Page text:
Go Reference Go 1.18 Fuzz

Juniper is a library of extensions to the Go standard library using generics, including containers, iterators, and streams.

  • container/tree contains a Map and Set that keep elements in sorted order. They are implemented using a B-tree, which performs better than a binary search tree.
  • container/deque contains a double-ended queue implemented with a ring buffer.
  • container/xheap contains a min-heap similar to the standard library’s container/heap but more ergonomic, along with a PriorityQueue that allows setting priorities by key.
  • container/xlist contains a linked-list similar to the standard library’s container/list, but type-safe.
  • xslices contains some commonly-used slice operations, like Insert, Remove, Chunk, Filter, and Compact.
  • iterator contains an iterator interface used by the containers, along with functions to manipulate them, like Map, While, and Reduce.
  • stream contains a stream interface, which is an iterator that can fail. Useful for iterating over collections that require I/O. It has most of the same combinators as iterator, plus some extras like Pipe and Batch.
  • parallel contains some shorthand for common uses of goroutines to process slices, iterators, and streams in parallel, like parallel.MapStream.
  • xsort contains extensions to the standard library package sort. Notably, it also has the definition for xsort.Less, which is how custom orderings can be defined for sorting and also for ordered collections like from container/tree.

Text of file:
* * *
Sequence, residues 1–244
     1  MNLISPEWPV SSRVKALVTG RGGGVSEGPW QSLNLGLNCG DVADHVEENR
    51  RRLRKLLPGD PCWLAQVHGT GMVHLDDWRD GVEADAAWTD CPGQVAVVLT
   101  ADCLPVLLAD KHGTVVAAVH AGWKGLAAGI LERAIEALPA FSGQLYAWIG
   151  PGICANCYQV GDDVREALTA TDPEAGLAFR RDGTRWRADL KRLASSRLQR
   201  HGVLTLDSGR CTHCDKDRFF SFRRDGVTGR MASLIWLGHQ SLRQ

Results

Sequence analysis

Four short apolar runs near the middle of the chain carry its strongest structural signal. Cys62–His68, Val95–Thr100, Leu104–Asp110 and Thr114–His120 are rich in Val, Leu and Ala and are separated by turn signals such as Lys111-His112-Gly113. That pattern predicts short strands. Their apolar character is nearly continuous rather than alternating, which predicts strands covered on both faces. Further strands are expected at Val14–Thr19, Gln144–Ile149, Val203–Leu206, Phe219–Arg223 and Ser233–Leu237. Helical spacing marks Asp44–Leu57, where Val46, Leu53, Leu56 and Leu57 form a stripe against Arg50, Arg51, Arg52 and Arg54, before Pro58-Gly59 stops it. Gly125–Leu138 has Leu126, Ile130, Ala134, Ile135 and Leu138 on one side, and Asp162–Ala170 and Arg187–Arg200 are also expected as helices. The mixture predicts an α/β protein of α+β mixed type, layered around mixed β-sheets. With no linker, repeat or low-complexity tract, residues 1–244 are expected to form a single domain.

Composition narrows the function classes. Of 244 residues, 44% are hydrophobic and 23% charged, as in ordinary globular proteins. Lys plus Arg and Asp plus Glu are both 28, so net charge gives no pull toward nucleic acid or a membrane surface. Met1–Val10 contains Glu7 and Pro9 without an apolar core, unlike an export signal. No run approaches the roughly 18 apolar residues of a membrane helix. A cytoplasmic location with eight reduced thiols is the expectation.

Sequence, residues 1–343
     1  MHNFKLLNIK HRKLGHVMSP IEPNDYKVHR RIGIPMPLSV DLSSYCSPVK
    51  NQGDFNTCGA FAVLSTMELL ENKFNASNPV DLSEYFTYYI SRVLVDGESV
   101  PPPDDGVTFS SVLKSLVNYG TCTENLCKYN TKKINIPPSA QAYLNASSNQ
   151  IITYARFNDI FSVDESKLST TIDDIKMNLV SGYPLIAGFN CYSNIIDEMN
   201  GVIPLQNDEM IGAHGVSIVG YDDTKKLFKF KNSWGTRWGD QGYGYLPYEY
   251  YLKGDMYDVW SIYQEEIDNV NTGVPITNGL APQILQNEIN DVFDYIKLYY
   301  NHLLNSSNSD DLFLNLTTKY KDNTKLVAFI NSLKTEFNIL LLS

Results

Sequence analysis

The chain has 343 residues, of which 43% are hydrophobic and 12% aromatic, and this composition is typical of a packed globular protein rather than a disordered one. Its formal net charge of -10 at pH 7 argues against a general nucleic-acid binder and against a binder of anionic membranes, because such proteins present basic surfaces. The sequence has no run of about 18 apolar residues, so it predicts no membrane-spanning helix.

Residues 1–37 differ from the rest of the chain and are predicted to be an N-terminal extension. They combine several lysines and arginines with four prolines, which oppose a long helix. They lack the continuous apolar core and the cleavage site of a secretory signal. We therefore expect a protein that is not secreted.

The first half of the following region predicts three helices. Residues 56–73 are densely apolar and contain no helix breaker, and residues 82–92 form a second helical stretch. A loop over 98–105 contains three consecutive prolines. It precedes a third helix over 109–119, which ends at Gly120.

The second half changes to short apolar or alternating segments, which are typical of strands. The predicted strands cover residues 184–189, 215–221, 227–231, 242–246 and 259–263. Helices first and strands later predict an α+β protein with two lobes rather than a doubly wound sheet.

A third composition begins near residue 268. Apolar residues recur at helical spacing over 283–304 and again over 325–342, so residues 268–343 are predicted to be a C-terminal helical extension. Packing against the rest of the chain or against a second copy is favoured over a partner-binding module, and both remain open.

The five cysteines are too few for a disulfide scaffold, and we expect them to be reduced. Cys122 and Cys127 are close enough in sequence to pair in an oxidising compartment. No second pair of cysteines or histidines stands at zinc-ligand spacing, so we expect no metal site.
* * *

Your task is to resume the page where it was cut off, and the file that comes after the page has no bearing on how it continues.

• You can probably guess what’s in the packages sets, xerrors, xmath, xmath/xrand, xsync, and xtime.

Packages that overlap directly with a standard library package are named the same but with an x prefix for “extensions”, e.g. sort and xsort. xslices is named so because a slices package is planned for Go 1.19.

See the docs for more.


Things should basically work. The container packages have been tested decently well using the new built-in coverage-based fuzzer (it’s a pleasure, by the way, other than having to translate from the built-in fuzz argument types). container/tree has been benchmarked and tweaked for some extra performance. It’s far from hyper-optimized, but should be efficient enough. Most of the simpler functions are tested only with their examples.

Since I no longer work at a megacorp running a huge global deployment of Go, I no longer have that at my disposal to certify any of this as battle-hardened. However, the quality of code here is high enough that I would’ve been comfortable using anything here in the systems that I worked on.


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